New Orleans is over 300 years old—a city full of magic and splendor—so it comes as no surprise that the Big Easy would serve as a hub of the arts for people around the world. However, native artists bring a passion to their art that illustrates their loyalty and deep love for the city. Terrance Osborne is one of those artists.
Osborne’s art gallery is located in the Lower Garden District on Magazine Street. As soon as you step into his gallery, you can smell lavender in the room; SZA and other R&B artists sing in the background as people venture in to admire the vivid colors in his paintings. He describes his art as “feel-good vibes,” a popular New Orleanian trope.
“This city is bursting with culture,” Osborne says. “If you don’t experience the culture, you must be half-dead.”
Osborne paints from a New Orleanian familiarity, meaning that his pieces portray second lines, historic locations in the city, and the over-arching theme of New Orleans: Southern hospitality. “I realized New Orleans is much like an island,” he says. “The customs are different here than anywhere else in the country. People don’t speak to you in other places—over here they do.”
Through his art, Osborne also demonstrates his allyship to the LGBTQ and HIV communities. He does not live with HIV; however, he supports people who are fighting HIV stigma by donating art pieces to a fundraiser event called Art Against AIDS. This fundraiser began with the help of local artists in the community who were creating ornaments for the holidays in support of HIV/AIDS funding in the city. Crescent Care—a well-respected organization in the community dedicated to supporting people living with HIV—hosts the event. This year, the gala will celebrate its 35th anniversary.
Unfortunately, New Orleans falls under the category of cities with higher HIV rates than other cities in the country. According to The Miami Times, approximately 19,000 people are living with HIV in Louisiana—and roughly half of that population has AIDS. The source also reports that although the Black population only makes up 32% of Louisiana, they represent 73% of new cases in the state. Baton Rouge—a city only an hour away from New Orleans—continues to be one of the cities with the highest new HIV cases in the country. In 2018, Baton Rouge ranked fourth in highest new HIV rates in the country. Experts fear that COVID-19 could make it harder for people to get tested for HIV and seek treatment, thus increasing new HIV rates in these two cities.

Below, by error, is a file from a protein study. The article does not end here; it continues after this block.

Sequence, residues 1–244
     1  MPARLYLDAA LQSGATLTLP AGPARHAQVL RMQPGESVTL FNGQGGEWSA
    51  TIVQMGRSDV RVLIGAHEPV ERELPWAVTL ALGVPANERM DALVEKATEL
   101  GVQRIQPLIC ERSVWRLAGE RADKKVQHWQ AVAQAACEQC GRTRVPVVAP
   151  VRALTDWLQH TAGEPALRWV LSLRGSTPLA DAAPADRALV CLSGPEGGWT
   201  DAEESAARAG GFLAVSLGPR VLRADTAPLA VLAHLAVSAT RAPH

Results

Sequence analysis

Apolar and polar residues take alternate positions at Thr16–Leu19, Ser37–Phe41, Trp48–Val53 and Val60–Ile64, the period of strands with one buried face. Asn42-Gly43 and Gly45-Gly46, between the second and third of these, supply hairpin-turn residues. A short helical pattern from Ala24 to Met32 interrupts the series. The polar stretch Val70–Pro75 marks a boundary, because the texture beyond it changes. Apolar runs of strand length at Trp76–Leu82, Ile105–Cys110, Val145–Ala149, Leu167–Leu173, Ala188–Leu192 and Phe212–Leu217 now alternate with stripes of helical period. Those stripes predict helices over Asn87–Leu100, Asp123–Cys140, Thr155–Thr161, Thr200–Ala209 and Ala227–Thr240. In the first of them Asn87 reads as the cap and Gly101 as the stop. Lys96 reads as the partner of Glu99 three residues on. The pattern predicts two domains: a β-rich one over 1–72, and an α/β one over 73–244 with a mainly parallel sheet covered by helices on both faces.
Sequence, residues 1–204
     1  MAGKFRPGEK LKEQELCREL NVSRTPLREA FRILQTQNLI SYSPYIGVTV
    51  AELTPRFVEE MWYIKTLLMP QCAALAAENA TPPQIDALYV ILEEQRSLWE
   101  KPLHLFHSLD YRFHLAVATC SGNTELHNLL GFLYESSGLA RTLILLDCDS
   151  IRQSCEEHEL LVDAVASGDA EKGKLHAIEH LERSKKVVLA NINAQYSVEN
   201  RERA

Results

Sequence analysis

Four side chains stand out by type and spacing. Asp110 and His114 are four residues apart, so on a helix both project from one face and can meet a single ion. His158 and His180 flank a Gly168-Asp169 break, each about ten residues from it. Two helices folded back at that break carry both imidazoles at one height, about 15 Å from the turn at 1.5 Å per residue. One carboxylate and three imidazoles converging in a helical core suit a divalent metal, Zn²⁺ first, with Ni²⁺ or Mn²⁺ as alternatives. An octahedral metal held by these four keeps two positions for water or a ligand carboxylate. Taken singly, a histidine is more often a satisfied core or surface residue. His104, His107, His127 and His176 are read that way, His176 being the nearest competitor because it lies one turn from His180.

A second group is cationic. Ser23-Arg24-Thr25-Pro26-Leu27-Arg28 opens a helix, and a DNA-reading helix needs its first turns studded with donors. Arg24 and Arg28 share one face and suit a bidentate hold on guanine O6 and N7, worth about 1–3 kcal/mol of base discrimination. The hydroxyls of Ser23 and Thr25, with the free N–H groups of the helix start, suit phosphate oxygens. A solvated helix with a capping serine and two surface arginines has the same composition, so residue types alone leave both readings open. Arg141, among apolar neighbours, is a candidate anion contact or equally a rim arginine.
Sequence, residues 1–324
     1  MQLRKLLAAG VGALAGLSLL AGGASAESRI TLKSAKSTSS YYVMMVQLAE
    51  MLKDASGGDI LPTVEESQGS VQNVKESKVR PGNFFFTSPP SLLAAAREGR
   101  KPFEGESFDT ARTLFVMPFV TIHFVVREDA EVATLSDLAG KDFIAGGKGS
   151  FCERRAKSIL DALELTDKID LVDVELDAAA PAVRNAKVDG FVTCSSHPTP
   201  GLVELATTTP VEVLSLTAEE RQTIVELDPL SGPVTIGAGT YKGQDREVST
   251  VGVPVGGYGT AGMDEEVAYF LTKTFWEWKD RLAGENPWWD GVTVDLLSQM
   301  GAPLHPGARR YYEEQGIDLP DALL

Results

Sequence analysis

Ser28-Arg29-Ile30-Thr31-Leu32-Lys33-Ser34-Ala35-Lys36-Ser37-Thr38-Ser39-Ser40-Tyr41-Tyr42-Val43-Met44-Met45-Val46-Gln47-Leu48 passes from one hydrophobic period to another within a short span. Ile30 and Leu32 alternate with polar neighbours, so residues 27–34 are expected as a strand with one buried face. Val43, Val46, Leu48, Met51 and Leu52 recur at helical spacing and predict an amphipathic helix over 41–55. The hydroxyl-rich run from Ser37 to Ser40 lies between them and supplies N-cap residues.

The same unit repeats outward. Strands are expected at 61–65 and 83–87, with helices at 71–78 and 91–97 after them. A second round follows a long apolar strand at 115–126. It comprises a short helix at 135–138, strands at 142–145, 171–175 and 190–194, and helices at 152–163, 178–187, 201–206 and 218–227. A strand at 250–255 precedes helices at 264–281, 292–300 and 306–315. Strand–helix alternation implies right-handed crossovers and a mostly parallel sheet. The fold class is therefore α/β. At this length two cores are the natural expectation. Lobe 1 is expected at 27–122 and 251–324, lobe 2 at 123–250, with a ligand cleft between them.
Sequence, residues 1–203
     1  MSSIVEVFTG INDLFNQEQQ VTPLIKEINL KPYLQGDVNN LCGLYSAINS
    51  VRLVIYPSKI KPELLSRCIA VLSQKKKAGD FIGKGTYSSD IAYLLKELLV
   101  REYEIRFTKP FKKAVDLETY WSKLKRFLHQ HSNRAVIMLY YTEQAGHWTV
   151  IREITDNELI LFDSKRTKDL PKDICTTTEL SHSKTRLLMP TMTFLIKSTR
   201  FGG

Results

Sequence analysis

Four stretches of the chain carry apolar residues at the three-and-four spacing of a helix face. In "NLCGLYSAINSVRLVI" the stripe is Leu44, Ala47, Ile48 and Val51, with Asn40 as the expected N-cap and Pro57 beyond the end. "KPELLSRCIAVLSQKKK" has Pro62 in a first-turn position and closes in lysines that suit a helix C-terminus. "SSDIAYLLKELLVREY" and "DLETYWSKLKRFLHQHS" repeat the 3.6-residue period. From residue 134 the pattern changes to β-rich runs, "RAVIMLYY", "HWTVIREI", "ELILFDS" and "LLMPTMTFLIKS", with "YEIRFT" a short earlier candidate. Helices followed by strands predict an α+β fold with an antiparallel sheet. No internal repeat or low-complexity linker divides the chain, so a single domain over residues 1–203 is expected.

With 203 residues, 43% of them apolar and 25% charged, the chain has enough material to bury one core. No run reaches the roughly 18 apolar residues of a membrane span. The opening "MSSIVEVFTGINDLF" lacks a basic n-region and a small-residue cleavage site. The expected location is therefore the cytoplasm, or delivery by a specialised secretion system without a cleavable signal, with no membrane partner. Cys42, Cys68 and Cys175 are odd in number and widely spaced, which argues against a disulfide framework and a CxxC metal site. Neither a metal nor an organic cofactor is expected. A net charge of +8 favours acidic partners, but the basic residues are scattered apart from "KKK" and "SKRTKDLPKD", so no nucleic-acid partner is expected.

Osborne understands the connection between COVID-19 and HIV/AIDS, which is why he has also created art for the fight against COVID-19. He vividly remembers the fear instilled in his community when the AIDS epidemic first started, and he believes we should remember the past while we try to navigate the present. His most recent art piece is called, “Front Line.” This piece honors the frontline workers who are saving lives in hospitals during this current pandemic. The image represents a woman of color posing as Rosie the Riveter. He also chose to make the woman Latinx in honor of the Latinx community who helped rebuild New Orleans after Hurricane Katrina. He hopes the piece can bring people together as the city overcomes this new pandemic, especially considering his own personal journey back to his hometown.
Terrance Osborne graduated from the historically Black college Xavier University, which is located in New Orleans’ historic Black neighborhood, Hollygrove. He taught art at Alice Harte Elementary, on the other side of the Mississippi River, all before having to evacuate from “the storm,” also known as Katrina. In 2005, Hurricane Katrina caused $81 billion in damages, the costliest hurricane in U.S. history. Unfortunately, Hurricane Katrina also cost the lives of over 1,800 people—a mortality rate that’s still debated to this day. Experts admit that Louisiana officials never finished counting those who passed away from the natural disaster and its aftermath.
Osborne and his family evacuated to Atlanta for a few years before making their way back home. This domestic migration was very common for New Orleanians during this time, while many other native residents decided to stay and rebuild their beloved city. According to the National Academy of Sciences, over 1.5 million people evacuated the city, and 150,000 to 200,000 people stayed. Osborne’s decision to evacuate his home was not easy, but his return in 2007 and eventual gallery opening in 2017 proved fruitful for his community, thanks to the support of his wife, Stephanie, who runs the business end of his art profession. Still, he knows the city has a tough road ahead in dealing with the current pandemic, and is continuing to make art that reflects this shift.
“The deaths from these pandemics are tragic,” explains Osborne. “These viruses eat away at our culture.”
If you would like to purchase art from Terrance Osborne, please check out his website.